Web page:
Appeal from the United States District Court for the Eastern District of New York.
Present: HONORABLE IRVING R. KAUFMAN, Chief Judge. HONORABLE J. JOSEPH SMITH, HONORABLE WILLIAM H. TIMBERS, Circuit Judges.
This cause came on to be heard on the transcript of record from the United States District Court for the Eastern District of New York and was argued by counsel.
ON CONSIDERATION WHEREOF, it is now hereby ordered, adjudged, and decreed that the judgment of said District Court be and it hereby is vacated and the cause is remanded for a determination of the effect of N.Y. Public Officers Law § 30(1)(e).
1. Under N.Y. Public Officers Law § 30(1)(e), an office becomes vacant upon the incumbent's conviction of a felony. Toro v. Malcolm, 44 N.Y.2d 154, 375 N.E.2d 739, 404 N.Y.S.2d 558, cert. denied, 99 S. Ct. 121 (1978). Since McCoy was a peace officer, see N.Y. Mental Hygiene Law § 13.25, it appears he was a public officer within the meaning of the Public Officers Law. See Toro, supra (corrections officer); Fishbein v. State, 282 App. Div. 600, 125 N.Y.S.2d 845 (1953) (probation officer). Accordingly, if § 30(1)(e) of the Public Officers Law is applicable, McCoy's position became vacant upon his conviction, and the judgment of the district court directing his reinstatement was error.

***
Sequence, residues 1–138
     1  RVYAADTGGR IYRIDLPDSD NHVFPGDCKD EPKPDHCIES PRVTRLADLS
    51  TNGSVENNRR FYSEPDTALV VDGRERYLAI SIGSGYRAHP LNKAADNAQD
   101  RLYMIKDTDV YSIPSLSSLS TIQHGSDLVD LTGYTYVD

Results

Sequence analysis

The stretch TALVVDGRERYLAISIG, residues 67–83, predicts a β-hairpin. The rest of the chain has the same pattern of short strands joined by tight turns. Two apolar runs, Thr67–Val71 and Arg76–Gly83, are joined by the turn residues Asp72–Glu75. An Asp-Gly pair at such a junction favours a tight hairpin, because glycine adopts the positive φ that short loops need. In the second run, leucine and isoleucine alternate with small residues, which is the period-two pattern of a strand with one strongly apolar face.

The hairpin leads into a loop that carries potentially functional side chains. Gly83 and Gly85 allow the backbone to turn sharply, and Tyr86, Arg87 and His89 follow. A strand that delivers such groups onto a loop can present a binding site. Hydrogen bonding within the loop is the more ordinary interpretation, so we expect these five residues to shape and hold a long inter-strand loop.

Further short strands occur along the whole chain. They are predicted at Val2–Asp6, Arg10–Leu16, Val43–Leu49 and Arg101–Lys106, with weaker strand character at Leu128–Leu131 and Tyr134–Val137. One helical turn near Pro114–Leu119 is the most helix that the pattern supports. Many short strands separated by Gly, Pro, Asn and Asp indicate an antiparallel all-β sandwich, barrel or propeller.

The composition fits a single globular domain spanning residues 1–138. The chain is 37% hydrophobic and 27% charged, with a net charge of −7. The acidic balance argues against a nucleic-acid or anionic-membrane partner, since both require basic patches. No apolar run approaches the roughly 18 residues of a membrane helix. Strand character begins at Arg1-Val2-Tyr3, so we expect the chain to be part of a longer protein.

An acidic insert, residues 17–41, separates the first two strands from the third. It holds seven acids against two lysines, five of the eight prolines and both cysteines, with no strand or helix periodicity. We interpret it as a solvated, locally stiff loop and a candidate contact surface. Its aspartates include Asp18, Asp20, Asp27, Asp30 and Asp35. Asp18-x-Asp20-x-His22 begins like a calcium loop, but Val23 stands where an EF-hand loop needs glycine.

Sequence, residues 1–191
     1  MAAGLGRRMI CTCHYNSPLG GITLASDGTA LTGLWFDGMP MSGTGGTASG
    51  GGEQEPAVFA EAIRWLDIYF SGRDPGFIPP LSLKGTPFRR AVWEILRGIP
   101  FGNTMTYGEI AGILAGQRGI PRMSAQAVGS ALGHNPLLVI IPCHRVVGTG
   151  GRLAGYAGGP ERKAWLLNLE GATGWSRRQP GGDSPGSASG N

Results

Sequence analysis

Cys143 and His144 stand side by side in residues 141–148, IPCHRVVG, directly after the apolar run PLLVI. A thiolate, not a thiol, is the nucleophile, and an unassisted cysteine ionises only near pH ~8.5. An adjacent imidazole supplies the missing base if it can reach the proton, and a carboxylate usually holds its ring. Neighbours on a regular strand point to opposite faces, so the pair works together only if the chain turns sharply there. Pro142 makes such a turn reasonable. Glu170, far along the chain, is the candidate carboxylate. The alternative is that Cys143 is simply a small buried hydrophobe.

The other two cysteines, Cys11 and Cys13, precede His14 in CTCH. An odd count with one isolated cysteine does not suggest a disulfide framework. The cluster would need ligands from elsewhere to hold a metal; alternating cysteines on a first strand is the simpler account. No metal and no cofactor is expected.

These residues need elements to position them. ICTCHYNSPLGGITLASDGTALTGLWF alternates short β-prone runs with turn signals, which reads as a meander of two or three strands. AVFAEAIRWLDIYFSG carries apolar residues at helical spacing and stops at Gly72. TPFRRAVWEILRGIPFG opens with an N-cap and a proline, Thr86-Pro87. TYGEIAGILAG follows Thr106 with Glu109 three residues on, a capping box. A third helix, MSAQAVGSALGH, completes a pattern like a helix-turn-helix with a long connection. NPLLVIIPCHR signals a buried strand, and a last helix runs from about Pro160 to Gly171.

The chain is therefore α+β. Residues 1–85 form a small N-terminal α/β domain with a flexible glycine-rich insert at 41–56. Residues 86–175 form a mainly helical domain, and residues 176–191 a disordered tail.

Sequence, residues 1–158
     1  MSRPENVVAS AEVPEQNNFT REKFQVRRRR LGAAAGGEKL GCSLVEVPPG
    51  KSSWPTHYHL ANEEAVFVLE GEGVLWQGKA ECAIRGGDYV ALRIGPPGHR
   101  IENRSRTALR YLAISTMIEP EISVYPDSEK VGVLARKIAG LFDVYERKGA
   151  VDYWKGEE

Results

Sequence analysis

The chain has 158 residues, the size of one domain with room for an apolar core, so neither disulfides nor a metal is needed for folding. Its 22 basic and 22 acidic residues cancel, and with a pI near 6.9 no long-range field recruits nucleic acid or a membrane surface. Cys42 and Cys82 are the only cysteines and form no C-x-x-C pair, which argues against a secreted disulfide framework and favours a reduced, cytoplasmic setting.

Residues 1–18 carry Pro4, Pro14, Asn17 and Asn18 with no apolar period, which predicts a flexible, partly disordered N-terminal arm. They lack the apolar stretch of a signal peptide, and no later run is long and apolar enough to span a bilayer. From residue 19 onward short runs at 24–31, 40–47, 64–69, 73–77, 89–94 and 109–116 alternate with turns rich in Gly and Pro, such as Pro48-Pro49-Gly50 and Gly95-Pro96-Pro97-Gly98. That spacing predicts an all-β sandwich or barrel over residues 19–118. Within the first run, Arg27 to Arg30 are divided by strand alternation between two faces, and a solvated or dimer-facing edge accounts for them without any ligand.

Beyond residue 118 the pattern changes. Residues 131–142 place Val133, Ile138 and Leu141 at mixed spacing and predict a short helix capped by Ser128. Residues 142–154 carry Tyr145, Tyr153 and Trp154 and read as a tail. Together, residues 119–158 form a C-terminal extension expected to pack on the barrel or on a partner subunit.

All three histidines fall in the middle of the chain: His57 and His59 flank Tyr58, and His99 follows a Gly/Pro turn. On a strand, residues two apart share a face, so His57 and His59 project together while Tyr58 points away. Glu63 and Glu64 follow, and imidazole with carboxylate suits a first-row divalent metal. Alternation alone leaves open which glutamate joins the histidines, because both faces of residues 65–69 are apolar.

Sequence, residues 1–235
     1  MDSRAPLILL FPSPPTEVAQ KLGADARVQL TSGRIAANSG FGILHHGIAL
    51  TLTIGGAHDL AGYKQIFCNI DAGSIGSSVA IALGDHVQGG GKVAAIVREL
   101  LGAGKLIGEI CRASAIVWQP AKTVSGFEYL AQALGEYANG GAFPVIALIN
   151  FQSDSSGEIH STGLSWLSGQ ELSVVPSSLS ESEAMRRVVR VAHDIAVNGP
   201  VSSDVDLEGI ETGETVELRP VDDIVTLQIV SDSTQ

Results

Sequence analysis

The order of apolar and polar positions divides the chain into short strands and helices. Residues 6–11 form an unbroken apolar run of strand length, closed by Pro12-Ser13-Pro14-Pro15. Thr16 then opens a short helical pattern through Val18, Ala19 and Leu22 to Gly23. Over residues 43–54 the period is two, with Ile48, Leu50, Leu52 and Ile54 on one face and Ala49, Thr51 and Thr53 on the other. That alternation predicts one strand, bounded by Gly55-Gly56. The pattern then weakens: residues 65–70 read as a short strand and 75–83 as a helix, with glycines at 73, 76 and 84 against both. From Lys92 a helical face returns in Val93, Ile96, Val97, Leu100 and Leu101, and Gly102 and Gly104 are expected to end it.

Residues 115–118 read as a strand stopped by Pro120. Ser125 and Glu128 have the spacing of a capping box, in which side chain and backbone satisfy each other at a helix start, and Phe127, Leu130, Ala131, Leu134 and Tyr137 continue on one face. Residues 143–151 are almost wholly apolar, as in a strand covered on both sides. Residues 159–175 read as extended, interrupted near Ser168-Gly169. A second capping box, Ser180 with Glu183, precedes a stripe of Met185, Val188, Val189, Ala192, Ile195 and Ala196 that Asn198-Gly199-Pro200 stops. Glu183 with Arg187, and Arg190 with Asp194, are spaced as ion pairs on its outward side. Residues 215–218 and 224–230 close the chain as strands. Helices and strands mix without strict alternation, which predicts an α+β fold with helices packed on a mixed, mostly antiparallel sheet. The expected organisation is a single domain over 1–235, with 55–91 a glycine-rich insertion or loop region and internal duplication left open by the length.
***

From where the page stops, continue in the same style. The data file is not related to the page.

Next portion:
2. On the record before us, however, we cannot determine whether the provision is in fact applicable to McCoy. For example, the record is silent whether the offense of which McCoy was convicted was a felony under New York law or the equivalent under New Jersey law. See N.Y. Penal Law §§ 265.01(1), 265.02(4); N.J.S.A. §§ 2A: 151-41, 2A:85-6(a). See generally In re Donegan, 282 N.Y. 285, 26 N.E.2d 260 (1940).
3. In view of our disposition of this matter, we need not at this time consider the issues tendered by appellant. No costs.